It also occurs to me that as the humans of DevOps continue to seek ways to transform our digital lives it gives us another opportunity to put people first. In fact, USM’s ability to provide a standardized, unified link for sustainable supply chains in service ecosystems is an ideal fit for DevOps.
The process model and standardized workflows can be used by any service provider, leveraging any combination of practice frameworks and any organizational topology. A method (not a framework) that is different thinking than traditional best practice approaches and well suited to emerging ‘radical’ enterprises.
BeingFirst has a wealth of information on their web site, and if you’re leading a DevOps or service management transformation these resources are worth a look (tell them MyServiceMonitor sent you!).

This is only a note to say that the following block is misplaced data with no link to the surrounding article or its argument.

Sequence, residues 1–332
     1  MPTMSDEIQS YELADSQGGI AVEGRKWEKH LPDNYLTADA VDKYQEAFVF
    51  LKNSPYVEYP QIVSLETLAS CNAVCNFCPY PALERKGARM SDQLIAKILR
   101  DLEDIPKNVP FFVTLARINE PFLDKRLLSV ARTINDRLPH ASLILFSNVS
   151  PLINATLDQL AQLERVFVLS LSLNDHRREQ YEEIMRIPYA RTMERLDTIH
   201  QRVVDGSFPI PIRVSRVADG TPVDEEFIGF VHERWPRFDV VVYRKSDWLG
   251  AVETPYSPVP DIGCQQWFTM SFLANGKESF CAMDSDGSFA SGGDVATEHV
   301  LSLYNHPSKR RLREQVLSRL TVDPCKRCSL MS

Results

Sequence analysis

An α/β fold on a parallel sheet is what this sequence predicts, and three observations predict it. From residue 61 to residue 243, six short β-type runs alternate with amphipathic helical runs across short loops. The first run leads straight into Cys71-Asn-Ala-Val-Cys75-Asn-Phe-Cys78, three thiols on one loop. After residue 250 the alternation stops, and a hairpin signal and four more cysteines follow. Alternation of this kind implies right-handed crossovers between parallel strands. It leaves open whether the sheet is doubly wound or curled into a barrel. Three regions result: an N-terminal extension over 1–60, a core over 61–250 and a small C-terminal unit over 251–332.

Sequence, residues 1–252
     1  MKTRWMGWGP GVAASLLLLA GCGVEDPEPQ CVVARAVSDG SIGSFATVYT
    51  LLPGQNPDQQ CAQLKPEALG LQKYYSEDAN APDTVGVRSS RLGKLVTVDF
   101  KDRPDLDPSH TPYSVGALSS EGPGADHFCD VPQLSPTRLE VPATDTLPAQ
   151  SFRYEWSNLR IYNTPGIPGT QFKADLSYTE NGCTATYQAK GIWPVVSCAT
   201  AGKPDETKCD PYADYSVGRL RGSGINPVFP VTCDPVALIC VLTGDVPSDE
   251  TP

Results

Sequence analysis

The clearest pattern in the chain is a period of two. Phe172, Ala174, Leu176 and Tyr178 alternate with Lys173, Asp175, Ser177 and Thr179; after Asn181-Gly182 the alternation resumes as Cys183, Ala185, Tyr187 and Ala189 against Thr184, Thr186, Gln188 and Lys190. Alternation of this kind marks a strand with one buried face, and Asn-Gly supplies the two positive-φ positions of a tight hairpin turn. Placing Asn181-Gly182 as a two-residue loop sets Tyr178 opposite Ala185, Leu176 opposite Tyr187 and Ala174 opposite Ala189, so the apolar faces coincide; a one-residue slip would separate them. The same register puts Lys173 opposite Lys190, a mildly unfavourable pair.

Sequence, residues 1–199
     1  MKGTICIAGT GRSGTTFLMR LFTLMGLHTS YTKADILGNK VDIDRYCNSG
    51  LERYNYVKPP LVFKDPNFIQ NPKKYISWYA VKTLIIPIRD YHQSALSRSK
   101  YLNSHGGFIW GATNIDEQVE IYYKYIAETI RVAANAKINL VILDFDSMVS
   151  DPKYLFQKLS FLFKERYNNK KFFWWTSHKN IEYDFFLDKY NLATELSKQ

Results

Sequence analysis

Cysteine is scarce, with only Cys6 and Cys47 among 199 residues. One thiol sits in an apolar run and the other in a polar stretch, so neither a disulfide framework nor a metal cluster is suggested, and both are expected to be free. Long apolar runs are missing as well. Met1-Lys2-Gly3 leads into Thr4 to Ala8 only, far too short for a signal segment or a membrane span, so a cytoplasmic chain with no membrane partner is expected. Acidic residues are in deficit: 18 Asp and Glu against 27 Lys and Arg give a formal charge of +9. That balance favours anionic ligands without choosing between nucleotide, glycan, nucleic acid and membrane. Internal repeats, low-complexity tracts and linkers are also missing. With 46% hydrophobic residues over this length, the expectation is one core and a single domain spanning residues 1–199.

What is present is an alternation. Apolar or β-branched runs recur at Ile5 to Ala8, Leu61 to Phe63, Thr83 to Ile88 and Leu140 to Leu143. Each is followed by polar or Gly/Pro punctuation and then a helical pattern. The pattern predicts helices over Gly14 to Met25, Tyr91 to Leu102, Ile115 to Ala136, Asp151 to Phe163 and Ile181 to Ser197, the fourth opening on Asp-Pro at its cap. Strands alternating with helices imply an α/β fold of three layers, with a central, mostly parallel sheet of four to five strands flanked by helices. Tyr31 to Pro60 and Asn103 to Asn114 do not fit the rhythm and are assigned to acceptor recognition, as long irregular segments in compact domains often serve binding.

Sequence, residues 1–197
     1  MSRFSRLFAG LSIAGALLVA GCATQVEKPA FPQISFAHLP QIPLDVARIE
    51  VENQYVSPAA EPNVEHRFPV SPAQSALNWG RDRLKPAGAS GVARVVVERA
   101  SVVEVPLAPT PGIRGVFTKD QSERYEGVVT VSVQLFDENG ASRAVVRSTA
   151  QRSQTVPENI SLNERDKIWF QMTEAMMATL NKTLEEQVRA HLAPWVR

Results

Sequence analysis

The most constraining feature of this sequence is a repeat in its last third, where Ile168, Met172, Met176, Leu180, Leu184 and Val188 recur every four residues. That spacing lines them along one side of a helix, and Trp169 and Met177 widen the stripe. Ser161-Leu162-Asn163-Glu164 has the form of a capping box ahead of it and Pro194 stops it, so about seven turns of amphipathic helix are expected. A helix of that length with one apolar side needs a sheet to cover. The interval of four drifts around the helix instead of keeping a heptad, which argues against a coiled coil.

Much of BeingFirst’s content is extremely well suited to advancing the humans of DevOps or helping any leader with transformative change. In fact, USM may be the easy part since it’s is simple, easy to learn and use and can be deployed incrementally at very low risk.
The humans of DevOps are always the tough part— and that always starts with you (or me).